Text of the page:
In my years of copywriting, I’ve helped many clients create a Unique Selling Proposition (USP) from scratch. This is one of the most difficult things to get right because it goes to the heart of what the business is all about. Most times business owners have no idea what it is that makes them different because they’re so busy working in the business.
What’s a Unique Selling Proposition (USP)?
A Unique Selling Proposition or USP is that point of difference that stands your business apart from the competition.
Let’s say you own a cake business. What’s that one thing you do that makes your cake better than the rest? Do you offer a cake choosing service to help customers choose their cake? Do you offer cake tastings?
It’s what I call “Your secret sauce”. That one thing that makes you better from the rest and helps you stand out in the mind of the customer.
Do you even need a USP?
My answer is yes. Not only will a USP make you appear different from your competition (who probably doesn’t have one), it’ll help to guide business decisions like social media content, branding colours and how you talk to the customer along their touch points.
In this post, I’ll share my tips on how you can create your own USP.
1. Choose brand values to get you started
A brand value is something that you stand for as a company. It’s the foundation on which you build your brand, it directs your content and helps you make the right decisions. For example, a company that defines itself as eco-conscious is unlikely to sell animal products.
Is your brand knowledgeable? (applies if you’re a thought leader).
Here is a list of 200 brand values to get you to start thinking about what your business stands for. Try and narrow it down to around 5-7 words so you have a clear idea of the types of values that define your business. Explain them using a sentence each so you’re completely clear on what you stand for.
2. Brainstorm and list down the core elements of your product or service
Now comes the fun part. In my client briefing calls, I ask various questions about their products or service. What makes it different to others in the market? What parts of their product or service features are unique? For example, if an eco company sells candles, are they made in a factory or painstakingly poured by hand?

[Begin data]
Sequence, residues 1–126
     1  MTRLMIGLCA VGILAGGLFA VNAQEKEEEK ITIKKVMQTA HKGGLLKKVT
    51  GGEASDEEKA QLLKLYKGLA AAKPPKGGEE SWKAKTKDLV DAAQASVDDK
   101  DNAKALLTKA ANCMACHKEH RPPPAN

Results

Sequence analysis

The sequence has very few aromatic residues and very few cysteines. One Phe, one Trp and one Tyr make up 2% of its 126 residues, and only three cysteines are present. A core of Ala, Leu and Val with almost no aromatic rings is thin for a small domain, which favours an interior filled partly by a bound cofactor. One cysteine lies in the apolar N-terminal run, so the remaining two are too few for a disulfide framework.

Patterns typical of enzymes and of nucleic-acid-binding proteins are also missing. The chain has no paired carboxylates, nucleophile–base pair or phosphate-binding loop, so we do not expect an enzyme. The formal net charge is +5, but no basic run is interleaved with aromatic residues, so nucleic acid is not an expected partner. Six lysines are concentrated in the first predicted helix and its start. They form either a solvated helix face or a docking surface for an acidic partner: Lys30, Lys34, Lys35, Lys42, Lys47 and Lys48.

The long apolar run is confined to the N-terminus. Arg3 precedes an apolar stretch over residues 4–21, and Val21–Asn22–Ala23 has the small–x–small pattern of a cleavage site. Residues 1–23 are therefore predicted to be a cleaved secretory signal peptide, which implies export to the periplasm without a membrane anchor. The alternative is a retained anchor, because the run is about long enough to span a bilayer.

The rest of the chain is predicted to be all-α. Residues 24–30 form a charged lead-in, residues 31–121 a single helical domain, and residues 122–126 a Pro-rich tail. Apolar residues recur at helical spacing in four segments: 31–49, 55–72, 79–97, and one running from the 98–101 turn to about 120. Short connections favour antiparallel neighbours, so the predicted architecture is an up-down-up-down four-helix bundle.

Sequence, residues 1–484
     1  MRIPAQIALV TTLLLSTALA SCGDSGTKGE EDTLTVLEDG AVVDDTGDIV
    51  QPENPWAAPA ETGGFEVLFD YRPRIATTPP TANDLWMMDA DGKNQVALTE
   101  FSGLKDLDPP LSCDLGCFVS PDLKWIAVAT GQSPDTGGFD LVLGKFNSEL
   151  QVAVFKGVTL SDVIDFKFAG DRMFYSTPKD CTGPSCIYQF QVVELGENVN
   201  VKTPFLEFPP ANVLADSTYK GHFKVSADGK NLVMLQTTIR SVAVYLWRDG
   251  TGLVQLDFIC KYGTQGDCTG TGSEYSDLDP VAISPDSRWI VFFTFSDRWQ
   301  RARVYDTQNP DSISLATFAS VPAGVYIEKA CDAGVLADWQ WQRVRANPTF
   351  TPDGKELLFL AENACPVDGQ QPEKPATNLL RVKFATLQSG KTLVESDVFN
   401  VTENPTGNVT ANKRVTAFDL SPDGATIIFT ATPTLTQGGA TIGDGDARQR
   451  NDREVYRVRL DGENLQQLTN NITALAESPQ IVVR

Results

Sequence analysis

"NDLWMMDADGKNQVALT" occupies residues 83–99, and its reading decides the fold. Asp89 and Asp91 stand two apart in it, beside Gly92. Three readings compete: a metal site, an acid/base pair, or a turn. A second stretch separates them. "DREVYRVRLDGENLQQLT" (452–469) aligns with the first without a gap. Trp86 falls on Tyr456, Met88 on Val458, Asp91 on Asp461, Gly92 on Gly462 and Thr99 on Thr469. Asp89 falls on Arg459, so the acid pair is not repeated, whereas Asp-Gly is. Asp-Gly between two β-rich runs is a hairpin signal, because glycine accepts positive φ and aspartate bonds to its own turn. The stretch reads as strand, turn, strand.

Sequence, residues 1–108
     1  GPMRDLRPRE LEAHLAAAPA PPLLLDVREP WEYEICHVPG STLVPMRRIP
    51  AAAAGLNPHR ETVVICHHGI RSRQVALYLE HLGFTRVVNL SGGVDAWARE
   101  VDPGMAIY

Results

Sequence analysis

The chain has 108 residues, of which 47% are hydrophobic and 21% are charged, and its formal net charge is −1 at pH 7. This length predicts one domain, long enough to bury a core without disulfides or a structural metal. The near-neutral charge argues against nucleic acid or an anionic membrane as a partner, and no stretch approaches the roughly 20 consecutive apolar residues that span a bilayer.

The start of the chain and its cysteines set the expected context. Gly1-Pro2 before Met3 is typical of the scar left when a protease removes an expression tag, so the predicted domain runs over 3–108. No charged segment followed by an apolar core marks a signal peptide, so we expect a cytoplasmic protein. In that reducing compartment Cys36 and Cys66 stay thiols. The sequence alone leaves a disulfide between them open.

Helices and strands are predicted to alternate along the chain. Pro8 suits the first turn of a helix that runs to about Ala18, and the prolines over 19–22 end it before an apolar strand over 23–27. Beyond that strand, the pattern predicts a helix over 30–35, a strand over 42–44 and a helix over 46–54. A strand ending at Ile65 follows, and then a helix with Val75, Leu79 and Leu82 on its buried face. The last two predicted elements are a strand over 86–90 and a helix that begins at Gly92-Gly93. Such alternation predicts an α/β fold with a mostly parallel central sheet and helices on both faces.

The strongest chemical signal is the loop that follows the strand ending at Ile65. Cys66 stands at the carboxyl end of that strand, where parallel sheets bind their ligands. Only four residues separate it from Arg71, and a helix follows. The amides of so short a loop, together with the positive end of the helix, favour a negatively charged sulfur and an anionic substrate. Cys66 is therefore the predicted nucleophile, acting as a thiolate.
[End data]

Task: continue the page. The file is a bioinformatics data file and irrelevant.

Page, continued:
How does your product or service make your customer’s life better? Does it help them save time? Does it help them save money? Does it help them throw beautiful birthday parties on a budget?
More importantly – how are you better than your competition and why should they buy from you?
3. Combine the different ideas to create a USP
So following the example of an eco company selling natural candles. If they were to write their USP, it might look something like:
Our artisan candles are made from pure essential oils and natural beeswax only. We help customers enjoy aromatherapy in their homes or offices without any nasty chemical side effects.
A good USP needs to be refined several times before you settle on one. Try combining different ideas to get to the core of what you do. List down all the product features and turn them into meaningful benefits for your customers. Is it something they’ll value highly?
Feature: Our accounting software costs 50% less than what the market leader charges
Benefit: It’s perfect for small business owners who want a smart solution but can’t pay huge fees
Avoid using filler words like ‘that’ in your USP and use adjectives where possible.
Here’s a list of my favourite USPs. Can you guess the company?
- A diamond is forever
- The milk chocolate melts in your mouth, not in your hand
- Award-winning financial software designed for entrepreneurs
- Buy the world’s strongest coffee
- We’re No.2 so we try harder
Need help in creating a USP for your business?
Email me email@example.com and let’s have a chat about how I can help.
IMAGE CREDIT: Zoltán Nagy from Pixabay